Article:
PESHTIGO, Wis. - Where do walleye go to grow and do they prefer their natal streams when it's time to spawn?
A major research effort by the Wisconsin Department of Natural Resources, University of Wisconsin-Stevens Point and Michigan DNR intends to learn more about walleye and their movements to aid in management of the sought-after species. Steve Hogler, DNR fisheries biologist, said the study has been underway since 2012 with fish now being tagged each spring in tributaries to Green Bay including the Oconto, Peshtigo, Fox and Menominee rivers.
"There are a lot of reasons why fisheries biologists tag fish, but for this work we want to determine movement after tagging and learn whether walleye tagged in a river return to same river in which they were tagged in subsequent years to spawn," Hogler said. "Historically it was believed that walleye in Green Bay did not move far from their home river and rarely intermixed with other walleye stocks in Green Bay."
However, more recent research from other walleye populations around the Great Lakes indicates that walleye populations show large movements and regularly mix with walleye from other portions of the same lake as well as walleye populations from adjoining lakes. Knowing whether walleye from Green Bay mix or not will help in the proper management of this important sport fish, Hogler said.
To date, the research project has involved tagging more than 6,100 fish and for the next few weeks DNR fisheries team members will continue working in the rivers tagging fish as the spawning run is underway. Walleye typically begin to reach sexual maturity at age 3 for males and age 4 for females.
One recent day, DNR fisheries team members tagged more than 200 walleye in less the two hours. They attribute the current strong runs of fish on the Green Bay tributaries to excellent year classes produced since 2007.
The walleye season on the Fox River, Green Bay and in large tributaries to Green Bay is open year round, but starting on March 7 bag limits were reduced to a one bag, 28-inch minimum size limit for walleye in the Fox River and a one bag, 15-inch minimum size for other open waters. With the start of the general fishing season on May 7 these size and bag limits revert back to the standard regulation of the three bag, no size limit for the Fox River and a five bag, 15-inch size limit for the other waters.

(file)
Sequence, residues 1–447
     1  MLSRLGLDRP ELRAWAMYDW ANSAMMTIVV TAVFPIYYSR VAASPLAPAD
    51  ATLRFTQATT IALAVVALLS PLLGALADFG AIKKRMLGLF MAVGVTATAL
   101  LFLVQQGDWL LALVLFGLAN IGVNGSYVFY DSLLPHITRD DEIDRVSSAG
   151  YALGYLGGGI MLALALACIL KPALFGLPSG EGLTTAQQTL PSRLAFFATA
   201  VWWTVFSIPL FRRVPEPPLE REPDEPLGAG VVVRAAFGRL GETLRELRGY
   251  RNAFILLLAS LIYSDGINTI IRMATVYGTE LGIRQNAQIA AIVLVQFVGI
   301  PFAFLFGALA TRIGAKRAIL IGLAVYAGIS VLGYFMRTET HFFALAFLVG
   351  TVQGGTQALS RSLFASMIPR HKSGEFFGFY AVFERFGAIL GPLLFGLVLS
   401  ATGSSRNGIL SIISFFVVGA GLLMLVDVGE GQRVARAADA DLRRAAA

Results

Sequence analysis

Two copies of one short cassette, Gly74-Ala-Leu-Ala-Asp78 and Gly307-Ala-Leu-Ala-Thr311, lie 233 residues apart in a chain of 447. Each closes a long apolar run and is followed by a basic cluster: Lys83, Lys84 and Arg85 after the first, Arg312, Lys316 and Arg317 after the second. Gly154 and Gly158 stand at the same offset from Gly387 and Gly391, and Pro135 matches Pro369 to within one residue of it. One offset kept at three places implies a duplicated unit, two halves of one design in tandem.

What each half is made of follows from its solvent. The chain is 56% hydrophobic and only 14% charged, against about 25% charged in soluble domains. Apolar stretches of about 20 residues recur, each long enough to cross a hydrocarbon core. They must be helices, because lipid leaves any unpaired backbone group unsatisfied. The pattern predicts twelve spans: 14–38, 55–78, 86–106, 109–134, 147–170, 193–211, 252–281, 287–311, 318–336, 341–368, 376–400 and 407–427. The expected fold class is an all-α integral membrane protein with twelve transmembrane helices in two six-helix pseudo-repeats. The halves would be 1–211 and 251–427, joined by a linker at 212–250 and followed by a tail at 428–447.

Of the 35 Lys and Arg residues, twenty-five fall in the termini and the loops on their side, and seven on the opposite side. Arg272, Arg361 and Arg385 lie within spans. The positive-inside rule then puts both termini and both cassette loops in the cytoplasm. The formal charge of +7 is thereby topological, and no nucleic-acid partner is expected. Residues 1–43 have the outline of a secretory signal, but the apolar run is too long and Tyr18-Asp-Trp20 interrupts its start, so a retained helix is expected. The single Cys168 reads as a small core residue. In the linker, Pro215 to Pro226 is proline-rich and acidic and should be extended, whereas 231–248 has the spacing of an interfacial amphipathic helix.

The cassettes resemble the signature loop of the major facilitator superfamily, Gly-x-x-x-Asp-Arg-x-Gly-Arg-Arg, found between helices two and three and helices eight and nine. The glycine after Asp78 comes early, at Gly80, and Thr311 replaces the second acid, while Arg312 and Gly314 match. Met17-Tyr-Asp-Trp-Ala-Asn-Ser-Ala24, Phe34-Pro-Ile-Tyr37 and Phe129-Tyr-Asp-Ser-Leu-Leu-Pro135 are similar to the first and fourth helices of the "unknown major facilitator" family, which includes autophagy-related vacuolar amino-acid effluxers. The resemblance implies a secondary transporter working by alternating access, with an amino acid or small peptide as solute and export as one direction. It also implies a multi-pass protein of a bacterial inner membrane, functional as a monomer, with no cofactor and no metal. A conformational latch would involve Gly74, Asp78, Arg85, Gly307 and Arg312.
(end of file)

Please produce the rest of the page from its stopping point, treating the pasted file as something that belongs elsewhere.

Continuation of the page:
Anglers who catch a tagged walleye (or any tagged fish) are encouraged to note:
In addition, anglers are asked to provide contact information including name, address and phone or email so DNR can send a letter to the angler with the original tagging information.
Older tags contain a DNR address to send the tag with the above information. On newer tags there is also a phone number to call with the above information. Anglers may choose either option.
If the fish is to be released, the biologists ask anglers to leave the tag in place to allow for tracking in future years. DNR would still welcome a contact with the number and information from the tag.
"We're grateful for the participation by anglers as some of the fish tagged in the initial years are reaching maturity and more likely to be caught," Hogler said. "We intend to continue the tagging work for another few years with data collection in the years that follow. We appreciate the continuing collaboration with our partners from UW-Stevens Point and the Michigan DNR."
To learn more about angling opportunities in Wisconsin, search the DNR website, dnr.wi.gov, for "Fishing Wisconsin." Results from past years of tagging, are available on the Lake Michigan Fisheries page of the website. " Look under Lake Michigan Assessments for the most recent Green Bay Walleye tagging report.